Participates in statewide, regional, and unit staff meetings, classes, workshops, agency training opportunities, professional workshops, and conferences;

 Approves funding and assigns cases to other Vocational Rehabilitation Counselors;

Provides orientation and basic vocational rehabilitation procedural training for new staff; 

Arranges for office coverage; and 

Helps develop agendas, conducts office meetings, and provides input in to counselor and rehabilitation technician evaluations. 

Specialist positions serve on the area management team;  

Performs other duties as required.

Knowledge and Abilities

Knowledge of: vocational rehabilitation, independent living, assistive technology, secondary and post-secondary education, other federal and state rules, policies, procedures, and service delivery practices relating to the provision of services under specialized vocational rehabilitation programs; requirements of the Rehabilitation Act as well as other core programs within the Workforce Innovation and Opportunity Act; community resources, private and public sector employer expectations and hiring practices; current labor market information and trends; disability-specific agencies and resources; appropriate vocational rehabilitation counseling methods and practices; medical psychological and social aspects of disability; effect of earned income on disability benefits. 

Ability to: lead staff in developing and carrying out individualized employment plans for individuals; advise staff on steps to gain confidence and cooperation of clients; write and speak effectively; establish and maintain effective working relationships; assist clients with the most significant disabilities to develop and carry out feasible individualized plans for employment; and/or present and promote various specialized vocational rehabilitation programs on an area-wide basis in a professional manner; communicate effectively in written and public presentations; meet formally and informally with a variety of community-based organizations and special interest groups.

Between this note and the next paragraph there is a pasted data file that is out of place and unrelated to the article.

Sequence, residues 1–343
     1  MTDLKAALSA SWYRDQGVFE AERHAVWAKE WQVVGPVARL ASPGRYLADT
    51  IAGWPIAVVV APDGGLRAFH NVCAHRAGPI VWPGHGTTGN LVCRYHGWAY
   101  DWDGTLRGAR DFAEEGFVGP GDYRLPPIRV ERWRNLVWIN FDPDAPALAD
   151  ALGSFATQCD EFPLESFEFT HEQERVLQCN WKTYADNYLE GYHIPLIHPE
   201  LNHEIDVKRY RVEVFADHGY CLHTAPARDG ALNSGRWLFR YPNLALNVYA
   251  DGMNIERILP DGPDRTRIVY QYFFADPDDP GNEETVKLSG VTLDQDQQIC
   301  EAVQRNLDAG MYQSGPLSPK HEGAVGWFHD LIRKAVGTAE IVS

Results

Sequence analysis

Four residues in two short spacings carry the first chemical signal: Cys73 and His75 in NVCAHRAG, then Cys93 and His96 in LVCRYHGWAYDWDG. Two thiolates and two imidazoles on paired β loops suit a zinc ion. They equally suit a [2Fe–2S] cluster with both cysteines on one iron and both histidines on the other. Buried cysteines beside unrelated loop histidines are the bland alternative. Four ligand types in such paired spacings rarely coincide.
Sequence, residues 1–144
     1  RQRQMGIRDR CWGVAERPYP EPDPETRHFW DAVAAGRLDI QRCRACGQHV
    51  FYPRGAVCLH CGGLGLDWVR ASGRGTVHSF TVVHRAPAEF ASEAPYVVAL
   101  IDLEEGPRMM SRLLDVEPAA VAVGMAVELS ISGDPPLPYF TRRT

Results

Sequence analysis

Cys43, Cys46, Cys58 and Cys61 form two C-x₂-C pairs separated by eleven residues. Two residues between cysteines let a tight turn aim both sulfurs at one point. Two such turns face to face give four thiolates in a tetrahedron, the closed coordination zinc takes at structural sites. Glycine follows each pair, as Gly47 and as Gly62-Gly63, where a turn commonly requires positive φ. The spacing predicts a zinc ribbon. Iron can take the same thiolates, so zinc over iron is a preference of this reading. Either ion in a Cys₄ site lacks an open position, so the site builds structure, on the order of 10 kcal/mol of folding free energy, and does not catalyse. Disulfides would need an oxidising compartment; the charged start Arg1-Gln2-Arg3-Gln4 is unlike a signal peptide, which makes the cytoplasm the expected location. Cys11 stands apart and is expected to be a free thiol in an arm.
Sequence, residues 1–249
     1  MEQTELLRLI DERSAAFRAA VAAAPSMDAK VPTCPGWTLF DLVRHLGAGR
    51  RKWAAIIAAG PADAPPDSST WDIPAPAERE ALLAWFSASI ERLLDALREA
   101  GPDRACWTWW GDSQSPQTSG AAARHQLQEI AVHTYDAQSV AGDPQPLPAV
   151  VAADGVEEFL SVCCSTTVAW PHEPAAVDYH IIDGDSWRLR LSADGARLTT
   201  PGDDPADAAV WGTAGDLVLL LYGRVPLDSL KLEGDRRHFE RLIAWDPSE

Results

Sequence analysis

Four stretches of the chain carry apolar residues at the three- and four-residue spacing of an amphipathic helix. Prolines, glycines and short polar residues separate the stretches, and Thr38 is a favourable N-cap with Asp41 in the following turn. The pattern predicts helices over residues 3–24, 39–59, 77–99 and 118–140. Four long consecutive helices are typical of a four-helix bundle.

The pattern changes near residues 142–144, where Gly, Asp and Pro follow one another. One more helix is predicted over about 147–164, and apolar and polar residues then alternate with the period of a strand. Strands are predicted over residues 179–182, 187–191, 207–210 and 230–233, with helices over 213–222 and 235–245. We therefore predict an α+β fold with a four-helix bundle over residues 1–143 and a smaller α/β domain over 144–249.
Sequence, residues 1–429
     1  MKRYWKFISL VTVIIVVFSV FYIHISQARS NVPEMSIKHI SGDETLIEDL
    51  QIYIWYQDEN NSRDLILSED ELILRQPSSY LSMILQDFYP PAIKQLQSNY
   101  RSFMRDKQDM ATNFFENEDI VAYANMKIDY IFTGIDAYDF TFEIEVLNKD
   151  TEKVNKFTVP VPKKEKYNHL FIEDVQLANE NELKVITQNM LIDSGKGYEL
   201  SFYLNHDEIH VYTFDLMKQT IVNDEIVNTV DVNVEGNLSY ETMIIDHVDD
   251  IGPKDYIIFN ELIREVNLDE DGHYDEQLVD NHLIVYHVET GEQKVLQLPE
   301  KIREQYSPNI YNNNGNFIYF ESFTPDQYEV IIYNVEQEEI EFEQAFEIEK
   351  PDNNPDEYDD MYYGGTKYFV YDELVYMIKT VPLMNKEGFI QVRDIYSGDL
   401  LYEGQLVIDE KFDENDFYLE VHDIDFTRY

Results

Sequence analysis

Within the Department of Services for the Blind (DSB)

Superior counseling skills includes but is not limited to:  

  • Working with DSB’s specialized populations with skill & expertise
  • High quality & variety of job placements, benefits, fit of position with customer’s skills/attributes, quality of wage
  • Strong case management, moving difficult cases forward
  • Counseling code of ethics incorporated into real life situations
  • Superior documentation
    • Justifications
    • Analysis of counseling intent and outcomes
    • Demonstration of participant choice
    • Identifying challenges that the participant faces and documenting how the VRC assisted in overcoming the challenges
    • Identifying resources available in the local area
  • Active listening, empathy, a “Can Do!” approach to case management
  • Open communication with supervisor on case management and professional issues
  • Superior organizational strategies — time management, thoughtful planning of future strategies for case movement, prioritization;
  • Continuous learning and education; continuous improvement
  • Team building and team processes 

Mastery of specialized blindness services, resources and needs for vocational rehabilitation participants who are blind, low vision, or deaf-blind.

Legal Requirement(s)

There may be instances where individual positions must have additional licenses or certification. It is the employer’s responsibility to ensure the appropriate licenses/certifications are obtained for each position.